A power failure in Yokkaichi, Japan, has thrown Toshiba and Western Digital’s flash supply into chaos – and will have a significant knock-on effect on global supplies, say analysts.
The temporary loss of manufacturing capacity will reduce global flash supplies around 24 per cent between August and October this year, we're told, and this, in turn, may fuel short-term price rises of 5 to 10 per cent.
On June 15, a 13-minute outage hit the Yokkaichi region, where Toshiba Memory Corporation (TMC), WD's joint venture partner, produces flash chips. The blackout affected process machinery, which are still not working properly, at the pair's factory in the region. Full production will resume by mid-July, according to a Reuters report.
WDC said in a statement on Thursday it expected the incident would result in a reduction of Western Digital’s flash wafer availability of "approximately 6 exabytes," the majority of which is expected to be contained within the first quarter of fiscal year 2020. For Western Dig, that is the July-September calendar quarter of this year.
Aaron Rakers, a senior analyst at Wells Fargo, informed his clients that flash wafer production time is more than 10 weeks. That is why so much flash chip capacity, approximately 6EB, has been lost.
Rakers estimates WD shipped about 11EB of NAND capacity in 2019's February-April quarter (WDC's Q3 fy2019), with 12.3EB shipping in the 2019 May-July quarter.
Wells Fargo's industry watchers suggest "WD had communicated indications of price increases following the Yokkaichi outage – we think a +5-10 per cent price impact could be considered.”
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Toshiba was hit even harder, according to analysts – although it has, notably, not disclosed any numbers regarding the impact on its production output. Rakers has estimated there is a 40/60 production split at the flash factory between WDC and Toshiba. If this is correct, this means Toshiba will lose ~9EB through the power cut.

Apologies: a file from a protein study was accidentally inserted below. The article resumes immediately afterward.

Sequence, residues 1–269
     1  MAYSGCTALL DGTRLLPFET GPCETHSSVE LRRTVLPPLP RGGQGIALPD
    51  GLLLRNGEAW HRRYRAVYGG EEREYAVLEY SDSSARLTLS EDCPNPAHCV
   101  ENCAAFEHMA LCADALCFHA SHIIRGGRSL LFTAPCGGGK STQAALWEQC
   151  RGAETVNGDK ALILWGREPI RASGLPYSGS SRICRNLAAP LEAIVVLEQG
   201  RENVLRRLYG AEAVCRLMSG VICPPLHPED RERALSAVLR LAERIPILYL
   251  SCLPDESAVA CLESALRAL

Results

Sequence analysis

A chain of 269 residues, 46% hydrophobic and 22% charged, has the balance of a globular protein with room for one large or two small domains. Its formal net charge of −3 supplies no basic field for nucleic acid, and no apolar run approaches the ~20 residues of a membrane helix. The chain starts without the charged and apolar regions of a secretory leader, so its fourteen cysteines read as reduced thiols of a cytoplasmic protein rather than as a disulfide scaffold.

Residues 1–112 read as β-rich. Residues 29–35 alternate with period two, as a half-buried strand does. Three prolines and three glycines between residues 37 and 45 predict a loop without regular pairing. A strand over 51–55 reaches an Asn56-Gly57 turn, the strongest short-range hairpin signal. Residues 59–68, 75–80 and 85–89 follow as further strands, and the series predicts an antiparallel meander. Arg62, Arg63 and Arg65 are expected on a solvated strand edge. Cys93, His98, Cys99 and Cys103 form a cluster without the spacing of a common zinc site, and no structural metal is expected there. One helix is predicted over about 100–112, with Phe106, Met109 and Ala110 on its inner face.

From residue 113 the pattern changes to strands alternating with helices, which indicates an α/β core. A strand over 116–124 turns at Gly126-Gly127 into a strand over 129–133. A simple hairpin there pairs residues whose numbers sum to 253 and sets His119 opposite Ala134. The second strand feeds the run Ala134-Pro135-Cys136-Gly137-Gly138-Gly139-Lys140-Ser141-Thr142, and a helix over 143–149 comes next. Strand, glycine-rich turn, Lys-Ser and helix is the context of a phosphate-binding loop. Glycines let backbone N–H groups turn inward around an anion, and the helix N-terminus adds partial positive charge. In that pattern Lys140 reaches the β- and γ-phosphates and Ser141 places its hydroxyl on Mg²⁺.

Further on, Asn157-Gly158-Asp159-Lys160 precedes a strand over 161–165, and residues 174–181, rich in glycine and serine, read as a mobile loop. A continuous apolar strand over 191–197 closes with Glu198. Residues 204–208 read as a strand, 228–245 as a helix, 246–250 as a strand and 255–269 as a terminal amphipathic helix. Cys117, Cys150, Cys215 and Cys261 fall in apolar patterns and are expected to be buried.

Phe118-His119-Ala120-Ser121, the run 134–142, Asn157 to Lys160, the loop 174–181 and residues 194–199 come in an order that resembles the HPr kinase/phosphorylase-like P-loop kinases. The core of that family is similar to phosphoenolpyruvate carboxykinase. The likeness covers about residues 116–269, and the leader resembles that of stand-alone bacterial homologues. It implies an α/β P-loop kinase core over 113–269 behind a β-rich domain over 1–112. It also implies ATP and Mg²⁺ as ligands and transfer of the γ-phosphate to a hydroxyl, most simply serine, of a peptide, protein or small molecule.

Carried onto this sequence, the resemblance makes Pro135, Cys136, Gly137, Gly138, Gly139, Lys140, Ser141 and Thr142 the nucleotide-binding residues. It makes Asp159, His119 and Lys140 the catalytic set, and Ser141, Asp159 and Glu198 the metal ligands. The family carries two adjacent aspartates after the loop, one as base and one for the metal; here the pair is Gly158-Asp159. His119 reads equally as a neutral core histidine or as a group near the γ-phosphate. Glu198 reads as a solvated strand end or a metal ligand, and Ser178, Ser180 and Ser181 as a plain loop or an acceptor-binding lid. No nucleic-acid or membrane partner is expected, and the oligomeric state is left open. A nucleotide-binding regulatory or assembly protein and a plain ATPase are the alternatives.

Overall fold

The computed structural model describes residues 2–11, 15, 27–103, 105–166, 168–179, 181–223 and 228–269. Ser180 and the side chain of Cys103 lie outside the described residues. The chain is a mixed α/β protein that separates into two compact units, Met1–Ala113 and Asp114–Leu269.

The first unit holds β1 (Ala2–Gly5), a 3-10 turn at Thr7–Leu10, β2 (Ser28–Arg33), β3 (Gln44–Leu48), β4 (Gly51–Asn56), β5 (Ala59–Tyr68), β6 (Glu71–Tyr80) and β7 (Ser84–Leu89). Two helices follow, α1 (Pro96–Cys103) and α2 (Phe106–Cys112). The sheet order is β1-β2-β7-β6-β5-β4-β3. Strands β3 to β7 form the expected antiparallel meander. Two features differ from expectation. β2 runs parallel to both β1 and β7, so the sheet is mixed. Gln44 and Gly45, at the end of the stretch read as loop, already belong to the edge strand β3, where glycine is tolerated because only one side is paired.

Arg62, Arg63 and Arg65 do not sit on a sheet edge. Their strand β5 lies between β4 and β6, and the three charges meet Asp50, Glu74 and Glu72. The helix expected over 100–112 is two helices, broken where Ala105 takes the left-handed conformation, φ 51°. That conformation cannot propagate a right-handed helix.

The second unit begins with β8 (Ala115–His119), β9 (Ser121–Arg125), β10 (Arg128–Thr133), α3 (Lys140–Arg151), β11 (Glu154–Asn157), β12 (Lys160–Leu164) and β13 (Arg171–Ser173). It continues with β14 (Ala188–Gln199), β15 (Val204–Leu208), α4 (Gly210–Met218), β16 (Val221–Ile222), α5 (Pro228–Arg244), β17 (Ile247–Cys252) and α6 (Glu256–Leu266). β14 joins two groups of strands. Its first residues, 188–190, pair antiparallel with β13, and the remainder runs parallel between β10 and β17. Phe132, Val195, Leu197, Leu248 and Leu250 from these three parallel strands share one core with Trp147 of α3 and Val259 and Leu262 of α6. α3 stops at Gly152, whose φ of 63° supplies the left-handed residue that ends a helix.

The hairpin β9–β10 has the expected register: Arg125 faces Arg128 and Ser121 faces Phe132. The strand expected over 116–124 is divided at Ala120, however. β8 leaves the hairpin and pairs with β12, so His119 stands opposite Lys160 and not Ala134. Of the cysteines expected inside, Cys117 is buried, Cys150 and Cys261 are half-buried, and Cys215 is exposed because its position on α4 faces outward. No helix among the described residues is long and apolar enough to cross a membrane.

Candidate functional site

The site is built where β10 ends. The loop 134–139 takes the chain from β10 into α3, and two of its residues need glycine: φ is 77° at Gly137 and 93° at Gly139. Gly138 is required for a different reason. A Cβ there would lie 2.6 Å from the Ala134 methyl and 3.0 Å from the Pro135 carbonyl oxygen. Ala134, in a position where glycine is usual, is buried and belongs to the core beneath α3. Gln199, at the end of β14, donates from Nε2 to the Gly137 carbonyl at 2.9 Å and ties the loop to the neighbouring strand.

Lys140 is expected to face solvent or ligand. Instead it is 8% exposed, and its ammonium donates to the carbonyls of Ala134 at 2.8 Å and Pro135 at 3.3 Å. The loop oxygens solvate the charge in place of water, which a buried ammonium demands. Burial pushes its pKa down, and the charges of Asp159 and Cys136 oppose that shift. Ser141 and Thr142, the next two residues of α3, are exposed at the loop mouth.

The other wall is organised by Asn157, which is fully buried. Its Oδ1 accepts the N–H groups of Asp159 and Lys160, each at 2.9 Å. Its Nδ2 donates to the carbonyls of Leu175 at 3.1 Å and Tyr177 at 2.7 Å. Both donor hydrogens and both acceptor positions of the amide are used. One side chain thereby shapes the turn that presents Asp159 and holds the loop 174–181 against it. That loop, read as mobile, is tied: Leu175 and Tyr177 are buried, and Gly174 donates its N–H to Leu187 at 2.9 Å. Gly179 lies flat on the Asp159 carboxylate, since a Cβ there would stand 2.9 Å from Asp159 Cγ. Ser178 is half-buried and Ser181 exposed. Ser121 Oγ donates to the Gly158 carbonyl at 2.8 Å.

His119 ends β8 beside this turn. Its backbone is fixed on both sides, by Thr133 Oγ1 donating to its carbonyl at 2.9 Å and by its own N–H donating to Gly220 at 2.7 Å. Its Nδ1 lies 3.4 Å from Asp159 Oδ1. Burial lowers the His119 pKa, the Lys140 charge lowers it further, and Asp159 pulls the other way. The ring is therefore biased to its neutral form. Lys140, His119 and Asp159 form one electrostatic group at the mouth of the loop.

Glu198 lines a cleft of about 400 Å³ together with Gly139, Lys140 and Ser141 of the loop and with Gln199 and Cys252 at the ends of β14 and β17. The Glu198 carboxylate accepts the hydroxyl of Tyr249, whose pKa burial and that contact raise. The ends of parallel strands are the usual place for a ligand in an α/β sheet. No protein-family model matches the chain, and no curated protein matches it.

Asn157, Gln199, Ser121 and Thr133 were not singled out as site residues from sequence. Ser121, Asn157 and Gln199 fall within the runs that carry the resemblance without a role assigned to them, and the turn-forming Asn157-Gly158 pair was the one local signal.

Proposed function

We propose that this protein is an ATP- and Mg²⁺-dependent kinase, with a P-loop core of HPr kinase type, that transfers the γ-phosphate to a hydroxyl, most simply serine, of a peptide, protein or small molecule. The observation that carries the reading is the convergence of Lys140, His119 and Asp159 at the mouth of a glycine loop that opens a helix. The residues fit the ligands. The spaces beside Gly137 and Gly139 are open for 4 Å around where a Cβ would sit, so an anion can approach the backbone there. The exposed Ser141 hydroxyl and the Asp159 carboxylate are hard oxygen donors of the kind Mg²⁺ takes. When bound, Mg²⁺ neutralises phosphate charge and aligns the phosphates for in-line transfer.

Storage analysts at Trendforce division DRAMexchange note the pair could lose the confidence of "downstream clients" – which won't gladden the heart of WD, which already has its exposure to Huawei – a major buyer of memory chips and storage kit - to think about.
While its fellow American storage pusher Micron has found some of its products aren't affected by the American export ban, due to come into force in August if the flossy haired prez doesn't change his mind, WD has said it will seek those export licences (allowing it to ship kit to Huawei) that the Trump administration has vowed will be so difficult to get. Lucky old Toshiba has no such worries, of course.
In response to the Yokkaichi power failure, Trendforce has adjusted NAND price trends for the third 2019 quarter, saying the supply of 2D NAND, "will tighten up noticeably".
Toshiba invests $1.76bn in flash fab production line, WD kinda peevedREAD MORE
As Micron is cutting its flash chip production, reducing wafer starts by 10 per cent, overall NAND industry bit supply will fall in the quarter, with a likely halt to the industry price reduction trend.
No doubt fab plant minds will be thinking about power failure contingency measures. ®
Updated to add at 1000 UTC on 1 July
Toshiba told The Reg: "We are currently recovering production in the affected areas of the factory and expect that the vast majority of production equipment will be operational by mid-July. Every effort is being made to minimize the impact to our customers."